The directors of 1MDB have confirmed that the state investment company is "insolvent" and unable to repay debts that could amount to almost US$7 billion over the next five years, said Malaysian Finance Minister Lim Guan Eng.
The company’s former Chief Financial Officer Azmi Tahir wrote to the finance ministry in March, stating that 1MDB wouldn’t be able to service interest payments due in April and May, Lim said in a statement on Wednesday, following meetings with 1MDB’s president, board of directors and other senior officials.
"I have instructed that the Ministry of Finance take steps to appoint PwC to conduct a special position audit and review of 1MDB so that Malaysians would know the true financial state of affairs in 1MDB," Lim said in the statement. "We would then be able to determine the cost of the shenanigans to the taxpayers."
The new revelations come after the finance minister said on Tuesday that Malaysia’s government debt has been inflated by 1MDB’s borrowing and exceeds 1 trillion ringgit ($251 billion). That was higher than previously disclosed by the administration of former Prime Minister Najib Razak, as it was masked by the way the accounts were reported, he said.
Newly-installed Lim instructed the finance ministry’s legal advisers on Wednesday to review Arul Kanda’s position as the president of 1MDB. On Tuesday, he ordered Kanda to clarify whether 1MDB is able to make 143.75 million ringgit of interest payments due May 30. Lim revealed that the ministry has made 6.98 billion ringgit of payments for 1MDB to date, including 5.05 billion ringgit that was part of a settlement with International Petroleum Investment Co., Abu Dhabi’s sovereign wealth fund.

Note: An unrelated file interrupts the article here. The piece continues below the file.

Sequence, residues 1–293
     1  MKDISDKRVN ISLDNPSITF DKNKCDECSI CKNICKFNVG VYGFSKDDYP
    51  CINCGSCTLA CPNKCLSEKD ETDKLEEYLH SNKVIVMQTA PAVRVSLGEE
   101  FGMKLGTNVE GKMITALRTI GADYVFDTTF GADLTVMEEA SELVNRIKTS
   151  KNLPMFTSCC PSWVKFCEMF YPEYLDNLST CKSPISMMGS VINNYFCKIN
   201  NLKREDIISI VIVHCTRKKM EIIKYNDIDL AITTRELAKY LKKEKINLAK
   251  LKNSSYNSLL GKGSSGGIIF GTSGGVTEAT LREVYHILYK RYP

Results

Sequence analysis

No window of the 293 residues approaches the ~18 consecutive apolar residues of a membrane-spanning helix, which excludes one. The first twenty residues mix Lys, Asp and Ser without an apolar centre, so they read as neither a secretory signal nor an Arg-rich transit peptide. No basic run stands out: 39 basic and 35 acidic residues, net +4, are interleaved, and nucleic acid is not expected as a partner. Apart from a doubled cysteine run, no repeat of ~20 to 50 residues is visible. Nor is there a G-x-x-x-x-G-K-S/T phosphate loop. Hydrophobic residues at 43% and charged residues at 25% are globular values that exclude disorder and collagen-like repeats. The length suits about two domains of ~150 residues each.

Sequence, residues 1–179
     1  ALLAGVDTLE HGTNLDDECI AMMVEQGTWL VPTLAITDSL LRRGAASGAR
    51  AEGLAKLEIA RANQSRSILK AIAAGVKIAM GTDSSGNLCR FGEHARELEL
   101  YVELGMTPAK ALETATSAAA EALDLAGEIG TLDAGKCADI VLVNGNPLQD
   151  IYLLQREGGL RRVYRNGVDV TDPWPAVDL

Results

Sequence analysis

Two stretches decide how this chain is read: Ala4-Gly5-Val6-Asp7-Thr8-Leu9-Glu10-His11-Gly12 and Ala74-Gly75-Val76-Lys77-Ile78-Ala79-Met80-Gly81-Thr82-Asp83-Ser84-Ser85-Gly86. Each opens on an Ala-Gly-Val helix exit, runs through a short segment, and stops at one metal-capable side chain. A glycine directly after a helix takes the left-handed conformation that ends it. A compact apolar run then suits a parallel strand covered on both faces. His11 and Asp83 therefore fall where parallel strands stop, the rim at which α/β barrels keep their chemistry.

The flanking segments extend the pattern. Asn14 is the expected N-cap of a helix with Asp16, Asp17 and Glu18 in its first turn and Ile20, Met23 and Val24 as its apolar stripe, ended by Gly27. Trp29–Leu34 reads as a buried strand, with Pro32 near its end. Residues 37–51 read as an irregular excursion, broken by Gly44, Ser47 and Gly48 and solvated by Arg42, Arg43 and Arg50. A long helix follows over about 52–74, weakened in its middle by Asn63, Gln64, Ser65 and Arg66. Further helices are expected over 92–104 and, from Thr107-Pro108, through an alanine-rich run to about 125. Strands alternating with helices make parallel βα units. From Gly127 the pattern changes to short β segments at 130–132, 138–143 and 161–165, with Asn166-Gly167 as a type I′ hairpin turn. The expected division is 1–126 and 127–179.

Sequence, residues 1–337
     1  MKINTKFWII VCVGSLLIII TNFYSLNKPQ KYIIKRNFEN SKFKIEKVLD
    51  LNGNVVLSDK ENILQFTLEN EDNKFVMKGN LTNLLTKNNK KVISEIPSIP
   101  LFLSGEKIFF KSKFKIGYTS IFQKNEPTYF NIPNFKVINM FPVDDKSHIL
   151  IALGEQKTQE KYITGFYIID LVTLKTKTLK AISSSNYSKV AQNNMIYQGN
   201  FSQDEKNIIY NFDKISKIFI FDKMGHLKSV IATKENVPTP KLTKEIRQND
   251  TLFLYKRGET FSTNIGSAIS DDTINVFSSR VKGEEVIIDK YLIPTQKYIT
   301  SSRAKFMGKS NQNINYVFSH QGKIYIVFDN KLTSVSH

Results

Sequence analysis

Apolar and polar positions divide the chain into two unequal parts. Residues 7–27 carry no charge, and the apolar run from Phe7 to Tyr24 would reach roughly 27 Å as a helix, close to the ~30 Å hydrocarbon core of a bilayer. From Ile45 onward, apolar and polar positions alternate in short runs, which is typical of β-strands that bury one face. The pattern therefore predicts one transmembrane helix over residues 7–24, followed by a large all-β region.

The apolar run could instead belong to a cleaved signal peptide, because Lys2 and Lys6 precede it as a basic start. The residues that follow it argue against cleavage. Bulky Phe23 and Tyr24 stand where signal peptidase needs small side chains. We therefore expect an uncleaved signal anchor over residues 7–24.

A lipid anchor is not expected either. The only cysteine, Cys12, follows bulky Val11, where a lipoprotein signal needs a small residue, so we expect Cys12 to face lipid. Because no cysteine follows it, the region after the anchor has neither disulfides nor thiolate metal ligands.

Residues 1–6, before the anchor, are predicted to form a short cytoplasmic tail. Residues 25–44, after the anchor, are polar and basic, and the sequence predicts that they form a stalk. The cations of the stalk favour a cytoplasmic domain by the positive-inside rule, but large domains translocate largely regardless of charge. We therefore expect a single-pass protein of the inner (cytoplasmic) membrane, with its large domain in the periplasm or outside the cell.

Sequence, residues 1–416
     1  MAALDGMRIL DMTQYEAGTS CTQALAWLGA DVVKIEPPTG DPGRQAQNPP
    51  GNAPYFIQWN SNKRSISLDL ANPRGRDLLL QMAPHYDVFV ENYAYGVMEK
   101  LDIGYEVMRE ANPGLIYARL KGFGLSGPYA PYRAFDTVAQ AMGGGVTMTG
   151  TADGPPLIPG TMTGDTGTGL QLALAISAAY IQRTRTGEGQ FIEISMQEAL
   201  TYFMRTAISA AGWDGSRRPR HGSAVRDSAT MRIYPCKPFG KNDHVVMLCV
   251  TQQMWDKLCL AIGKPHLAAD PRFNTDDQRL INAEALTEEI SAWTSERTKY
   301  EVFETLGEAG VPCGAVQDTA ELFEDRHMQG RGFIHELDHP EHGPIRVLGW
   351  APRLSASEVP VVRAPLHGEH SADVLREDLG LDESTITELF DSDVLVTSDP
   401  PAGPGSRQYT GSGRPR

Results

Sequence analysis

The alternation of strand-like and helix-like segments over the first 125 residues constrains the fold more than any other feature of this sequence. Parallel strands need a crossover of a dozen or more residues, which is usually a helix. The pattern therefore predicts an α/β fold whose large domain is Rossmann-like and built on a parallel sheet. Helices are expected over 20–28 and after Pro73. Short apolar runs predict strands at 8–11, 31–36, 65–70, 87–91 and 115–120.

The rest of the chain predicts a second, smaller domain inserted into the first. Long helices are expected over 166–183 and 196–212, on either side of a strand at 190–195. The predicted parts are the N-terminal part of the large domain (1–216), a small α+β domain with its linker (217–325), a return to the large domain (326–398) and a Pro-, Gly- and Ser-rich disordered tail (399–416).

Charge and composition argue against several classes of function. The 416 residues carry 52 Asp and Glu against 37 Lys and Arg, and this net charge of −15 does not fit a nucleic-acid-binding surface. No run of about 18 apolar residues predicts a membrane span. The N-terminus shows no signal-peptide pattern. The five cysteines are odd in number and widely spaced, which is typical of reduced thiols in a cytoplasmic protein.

While 1MDB only has a remaining 763 million ringgit of payments to make this year, it must find enough funds to repay 26.8 billion ringgit of debt principal and interest in the following five years.
Lim’s review of 1MDB debt repayments may also place its past settlements at risk. 1MDB said it made a key arbitration payment to IPIC last year for closure on a $1.2 billion deal struck to settle a debt dispute.
Prime Minister Mahathir Mohamad has moved swiftly to tackle corruption related to 1MDB, whose full name is 1Malaysia Development Bhd., ordering the reopening of investigations into the state fund as one of his first steps since taking office two weeks ago.
On Monday, the government announced that a new task force consisting some people involved in a previous probe into 1MDB will lead the renewed investigation. Former Attorney-General Abdul Gani Patail and former anti-graft agency chief commissioner Abu Kassim Mohamed are helming the team along with the police’s former special branch deputy director Abdul Hamid Bador and Mohd Shukri Abdull, chief commissioner of Malaysia’s anti-graft agency.
This task force met for the first time on Tuesday and will focus on bringing back funds and assets, as well as taking criminal action against those involved in wrongdoing in 1MDB under various laws including the penal code.